Shattered ignored her question, and while he was aware of her words describing his fellow denizens and his friends, and those words sickened him, angered him, his ignorance of their potency both allowed him to focus and skip to the point of his question.
“Administrator Tallie sent me here?”
“Yes, dear, you are an exile! We traded you. We’ll we didn’t trade. He made demands. Two of our people, confused people, came up to Park’s borders and asked for asylum. Now, giving as we provide about, well, the Confederacy in total – from Bakersfield to Redding, the whole Central Valley of the former California – provides some twenty to thirty percent of your food, we thought some sort of trade was in order. Otherwise the Dukes and the Grand Wizards would get real angry.”
“Oh, yes, hun, them the ones that hold this place together. Some of them are real old. Keep traditions alive, many came from the Old South, some came from where your Park is now, others have lived here for generations. After the sky made electronics a thing of the past, and the Beast fell, we grabbed our guns, our Bibles, and we made this wonderful place. We feed ourselves, we have the whole valley: four-hundred and fifty miles long from south to north, from the Big Mountains to the sea. Mostly, Marin is off limits. Elites. What are you going to do? But we can go to sea anywhere from Notleys Landing to Harmony. My daddy owns a big cabin overlooking the ocean on the side of Cone Peak. Maybe that’s where we’ll take our honeymoon!”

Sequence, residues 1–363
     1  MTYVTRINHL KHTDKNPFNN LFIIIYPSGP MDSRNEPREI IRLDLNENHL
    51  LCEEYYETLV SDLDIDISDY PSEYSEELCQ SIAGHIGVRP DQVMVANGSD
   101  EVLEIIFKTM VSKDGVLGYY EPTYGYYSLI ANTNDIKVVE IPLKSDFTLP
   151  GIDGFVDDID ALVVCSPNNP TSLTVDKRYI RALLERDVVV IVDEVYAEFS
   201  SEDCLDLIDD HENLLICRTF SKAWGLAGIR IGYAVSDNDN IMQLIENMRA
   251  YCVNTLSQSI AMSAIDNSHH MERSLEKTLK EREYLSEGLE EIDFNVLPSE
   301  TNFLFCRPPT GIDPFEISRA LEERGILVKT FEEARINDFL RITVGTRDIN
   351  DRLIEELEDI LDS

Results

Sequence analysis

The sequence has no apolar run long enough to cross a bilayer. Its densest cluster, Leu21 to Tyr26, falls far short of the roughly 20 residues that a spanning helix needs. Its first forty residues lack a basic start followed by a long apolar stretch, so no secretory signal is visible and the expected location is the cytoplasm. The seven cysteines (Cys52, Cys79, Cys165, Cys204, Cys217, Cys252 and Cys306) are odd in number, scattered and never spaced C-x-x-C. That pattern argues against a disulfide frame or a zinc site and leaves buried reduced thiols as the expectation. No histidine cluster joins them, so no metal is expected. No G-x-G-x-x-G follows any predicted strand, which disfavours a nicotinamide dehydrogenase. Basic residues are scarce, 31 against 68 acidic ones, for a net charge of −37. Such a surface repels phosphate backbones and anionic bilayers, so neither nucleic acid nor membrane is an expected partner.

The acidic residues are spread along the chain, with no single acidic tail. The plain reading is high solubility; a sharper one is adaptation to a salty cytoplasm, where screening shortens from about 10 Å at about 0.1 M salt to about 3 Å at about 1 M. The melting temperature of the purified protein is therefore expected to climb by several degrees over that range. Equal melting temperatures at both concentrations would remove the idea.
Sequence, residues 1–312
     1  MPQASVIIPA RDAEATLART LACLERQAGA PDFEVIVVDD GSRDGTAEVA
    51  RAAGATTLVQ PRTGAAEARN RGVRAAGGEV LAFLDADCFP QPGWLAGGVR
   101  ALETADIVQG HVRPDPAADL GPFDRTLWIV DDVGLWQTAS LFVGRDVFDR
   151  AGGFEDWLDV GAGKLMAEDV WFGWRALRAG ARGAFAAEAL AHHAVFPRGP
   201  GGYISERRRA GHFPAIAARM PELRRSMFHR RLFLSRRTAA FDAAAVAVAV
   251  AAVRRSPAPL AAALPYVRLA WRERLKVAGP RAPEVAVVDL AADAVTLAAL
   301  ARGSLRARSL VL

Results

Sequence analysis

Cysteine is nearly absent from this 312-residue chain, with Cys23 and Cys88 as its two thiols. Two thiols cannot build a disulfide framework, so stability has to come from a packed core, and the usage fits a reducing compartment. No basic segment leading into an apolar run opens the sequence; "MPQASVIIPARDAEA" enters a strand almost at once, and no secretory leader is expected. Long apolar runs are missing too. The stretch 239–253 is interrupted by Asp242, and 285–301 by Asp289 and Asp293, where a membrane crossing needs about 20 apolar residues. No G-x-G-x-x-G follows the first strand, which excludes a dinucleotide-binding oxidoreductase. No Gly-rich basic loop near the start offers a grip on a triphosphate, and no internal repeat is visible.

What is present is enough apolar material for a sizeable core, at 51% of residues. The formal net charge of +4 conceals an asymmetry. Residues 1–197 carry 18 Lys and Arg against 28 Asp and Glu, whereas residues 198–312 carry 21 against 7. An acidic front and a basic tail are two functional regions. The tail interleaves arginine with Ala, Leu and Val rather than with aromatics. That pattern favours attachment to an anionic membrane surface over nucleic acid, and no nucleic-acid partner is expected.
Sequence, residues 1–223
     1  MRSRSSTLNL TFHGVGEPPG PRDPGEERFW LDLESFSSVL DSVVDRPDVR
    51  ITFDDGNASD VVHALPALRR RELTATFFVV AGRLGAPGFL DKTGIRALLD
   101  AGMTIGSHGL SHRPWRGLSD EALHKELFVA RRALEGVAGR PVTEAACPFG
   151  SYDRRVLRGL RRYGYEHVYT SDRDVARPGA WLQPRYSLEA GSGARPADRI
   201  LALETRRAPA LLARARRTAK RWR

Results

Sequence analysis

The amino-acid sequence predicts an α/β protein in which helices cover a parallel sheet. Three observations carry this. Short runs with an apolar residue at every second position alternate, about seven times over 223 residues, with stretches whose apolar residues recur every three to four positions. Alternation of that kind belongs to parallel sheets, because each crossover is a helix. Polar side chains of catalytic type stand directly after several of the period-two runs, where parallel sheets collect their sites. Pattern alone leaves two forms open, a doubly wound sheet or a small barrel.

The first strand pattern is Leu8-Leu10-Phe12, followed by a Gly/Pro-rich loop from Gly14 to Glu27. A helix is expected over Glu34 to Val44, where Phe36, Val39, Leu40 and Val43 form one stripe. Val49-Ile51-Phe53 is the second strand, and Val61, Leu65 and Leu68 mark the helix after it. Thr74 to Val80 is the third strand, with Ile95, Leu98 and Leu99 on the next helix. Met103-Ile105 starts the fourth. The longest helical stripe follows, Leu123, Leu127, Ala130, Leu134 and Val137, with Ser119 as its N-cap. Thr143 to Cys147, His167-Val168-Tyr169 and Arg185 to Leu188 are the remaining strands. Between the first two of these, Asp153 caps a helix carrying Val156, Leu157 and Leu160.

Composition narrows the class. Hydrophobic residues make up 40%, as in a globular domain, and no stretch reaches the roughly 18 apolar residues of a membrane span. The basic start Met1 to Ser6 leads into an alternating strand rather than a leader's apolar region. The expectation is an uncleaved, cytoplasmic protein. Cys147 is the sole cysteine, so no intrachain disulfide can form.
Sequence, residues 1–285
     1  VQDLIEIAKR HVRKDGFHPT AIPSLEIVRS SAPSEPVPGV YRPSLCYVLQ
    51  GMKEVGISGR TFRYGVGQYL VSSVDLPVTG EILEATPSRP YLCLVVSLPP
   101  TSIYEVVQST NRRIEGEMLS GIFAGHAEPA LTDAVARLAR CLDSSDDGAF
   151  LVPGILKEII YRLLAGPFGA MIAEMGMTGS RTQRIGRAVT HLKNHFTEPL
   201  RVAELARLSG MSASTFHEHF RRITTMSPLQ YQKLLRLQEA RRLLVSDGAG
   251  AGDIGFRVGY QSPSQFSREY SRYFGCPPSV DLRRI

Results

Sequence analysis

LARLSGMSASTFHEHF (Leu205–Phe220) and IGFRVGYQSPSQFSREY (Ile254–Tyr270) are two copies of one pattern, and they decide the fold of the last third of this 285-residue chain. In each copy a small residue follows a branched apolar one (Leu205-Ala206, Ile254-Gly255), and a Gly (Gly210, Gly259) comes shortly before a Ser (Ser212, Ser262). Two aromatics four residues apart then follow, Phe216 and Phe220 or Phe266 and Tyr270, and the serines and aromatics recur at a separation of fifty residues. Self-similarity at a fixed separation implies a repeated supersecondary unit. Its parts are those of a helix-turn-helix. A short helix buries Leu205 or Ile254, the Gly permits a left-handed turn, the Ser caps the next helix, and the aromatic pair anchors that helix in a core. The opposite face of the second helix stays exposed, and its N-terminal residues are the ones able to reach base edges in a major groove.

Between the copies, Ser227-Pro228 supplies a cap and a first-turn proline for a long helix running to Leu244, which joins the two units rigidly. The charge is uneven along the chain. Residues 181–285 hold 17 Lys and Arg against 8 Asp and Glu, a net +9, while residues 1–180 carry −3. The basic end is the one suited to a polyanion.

“Honeymoon?” Shattered shuffled along as the perfumed creature wrapped her slender, bony arm around his right arm; she held tight, and moved them through a sparse terminal to the end of the station. A car, nothing like he’d seen in Marin, but without a horse or animal to carry it, sat waiting. A tall, white man in a black suit opened a door outwards. Once inside, Shattered’s buttocks rested on plush interior seats; the cushioning had a pattern of black, red and white. A large Z was engraved into the seat facing the front of car. That’s where Farthing sat, across from Shattered.
“I always let new people sit with their heads facing forward. Do you get car sick?”
“I never have been in a car. I mean, on my way to Marin, I was in a…”
“Oh, don’t talk to me about those Marin folk. Bunch of elites, just a bunch of elite kikes and niggers living high on their technology. I hear some of them don’t even leave their little machines! We ain’t had nothing to do with them for sometime. They don’t talk to us; we don’t talk to them. Daddy says they should be all be killed. I think he’s right. We did manage to get the pickers and the planters from them, so we could hunt down all the spiks.”
“The farm-workers? You hunted down all the farm-workers?”
“All the ones that weren’t white.”
Farthing seemed bored with this conversation. Her face turned to the left, then to the right, the car left the train-station, left the city of Modesto. “I just love looking at the fields, see them floating automated tenders, they are picking almonds. These almond groves are my daddy’s. As far as the eye can see. And over there, we own all that land. How happy you will be to see what you are inheriting!”
Along the side of the road a man, beaten, bloody and chained to the ground near the asphalt, yelled out Help me! Help me!
“Stop the car! Stop the car!” Shattered shouted at Farthing.